The contribution of frictional contacts to the shear strength of coarse glass bead powders and slurries

Adam P. Poloski, Paul R. Bredt, Richard C. Daniel, Avelino Eduardo Saez

Research output: Contribution to journalArticle

4 Scopus citations

Abstract

This paper investigates the use of the shear vane technique as a means of determining frictional and cohesive interparticle force contributions to the shear strength of coarse glass bead powders and slurries. To this end, the shear strength of 203-μm glass beads in air and slurried in water and kaolinite suspensions was determined as a function of vane immersion depth, vane geometry, and container size. Both vane immersion depth and container diameter are found to significantly impact the shear strength measured using the vane technique. An equation describing interparticle frictional and cohesive contributions to shear vane measurements was derived in an effort to describe the experimental results. A Janssen stress distribution model for granular materials forms the basis for this equation and appears to explain the behavior of shear strength measurements at varying immersion depths. The presence of the Janssen stress distribution can affect the interpretation of shear vane results. Rather than shear strength being a material property, as is the case with flocculated colloid slurries and polymer solutions, shear strength becomes a process property where vane depth, container size, and container material can result in significant measurement variations. Such parameters should be considered before using the shear vane results on applications involving granular material components.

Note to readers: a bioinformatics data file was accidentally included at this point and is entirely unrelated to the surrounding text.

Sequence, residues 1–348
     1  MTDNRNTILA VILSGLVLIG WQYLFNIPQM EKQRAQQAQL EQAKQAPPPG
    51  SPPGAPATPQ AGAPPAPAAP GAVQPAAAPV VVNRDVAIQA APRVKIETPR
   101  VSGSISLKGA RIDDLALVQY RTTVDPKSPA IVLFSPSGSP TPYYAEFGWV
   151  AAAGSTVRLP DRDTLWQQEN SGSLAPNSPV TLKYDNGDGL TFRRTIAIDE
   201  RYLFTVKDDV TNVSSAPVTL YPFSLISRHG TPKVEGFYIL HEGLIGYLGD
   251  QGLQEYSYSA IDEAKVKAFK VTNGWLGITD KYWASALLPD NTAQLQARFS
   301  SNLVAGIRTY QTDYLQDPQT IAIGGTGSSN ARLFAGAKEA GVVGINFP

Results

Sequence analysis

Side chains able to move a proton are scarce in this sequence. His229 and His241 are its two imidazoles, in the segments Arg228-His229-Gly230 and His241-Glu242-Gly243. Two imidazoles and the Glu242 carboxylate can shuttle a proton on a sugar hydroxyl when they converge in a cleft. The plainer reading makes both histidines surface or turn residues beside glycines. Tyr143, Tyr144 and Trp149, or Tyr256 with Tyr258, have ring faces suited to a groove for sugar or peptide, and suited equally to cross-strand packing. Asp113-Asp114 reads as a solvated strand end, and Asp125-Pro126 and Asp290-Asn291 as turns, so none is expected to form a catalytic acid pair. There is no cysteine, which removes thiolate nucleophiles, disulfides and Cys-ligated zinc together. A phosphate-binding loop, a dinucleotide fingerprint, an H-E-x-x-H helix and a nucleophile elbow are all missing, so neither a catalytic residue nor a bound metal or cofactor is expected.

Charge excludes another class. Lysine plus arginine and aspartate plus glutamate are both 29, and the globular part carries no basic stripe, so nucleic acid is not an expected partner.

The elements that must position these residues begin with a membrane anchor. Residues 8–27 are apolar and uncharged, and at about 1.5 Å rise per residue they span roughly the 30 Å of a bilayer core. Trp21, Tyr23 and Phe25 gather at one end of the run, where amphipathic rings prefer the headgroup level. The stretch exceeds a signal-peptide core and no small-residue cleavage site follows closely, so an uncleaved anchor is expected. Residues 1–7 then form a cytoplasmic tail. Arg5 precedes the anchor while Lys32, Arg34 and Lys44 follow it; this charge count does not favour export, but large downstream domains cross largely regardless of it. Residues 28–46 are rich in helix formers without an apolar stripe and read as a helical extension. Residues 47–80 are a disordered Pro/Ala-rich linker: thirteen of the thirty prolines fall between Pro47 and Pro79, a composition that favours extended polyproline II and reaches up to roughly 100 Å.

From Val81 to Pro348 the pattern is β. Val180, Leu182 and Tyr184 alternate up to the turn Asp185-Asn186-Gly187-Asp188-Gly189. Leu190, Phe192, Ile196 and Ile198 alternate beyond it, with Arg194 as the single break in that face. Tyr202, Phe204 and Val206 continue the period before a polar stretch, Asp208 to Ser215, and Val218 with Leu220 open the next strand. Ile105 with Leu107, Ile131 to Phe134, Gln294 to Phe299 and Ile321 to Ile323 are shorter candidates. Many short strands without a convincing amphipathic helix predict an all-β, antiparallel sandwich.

Original languageEnglish (US)
Pages (from-to)249-259
Number of pages11
JournalRheologica Acta
Volume46
Issue number2
DOIs
StatePublished - Dec 1 2006

Keywords

  • Frictional contacts
  • Granular stress networks
  • Shear strength
  • Shear vane

ASJC Scopus subject areas

  • Materials Science(all)
  • Condensed Matter Physics

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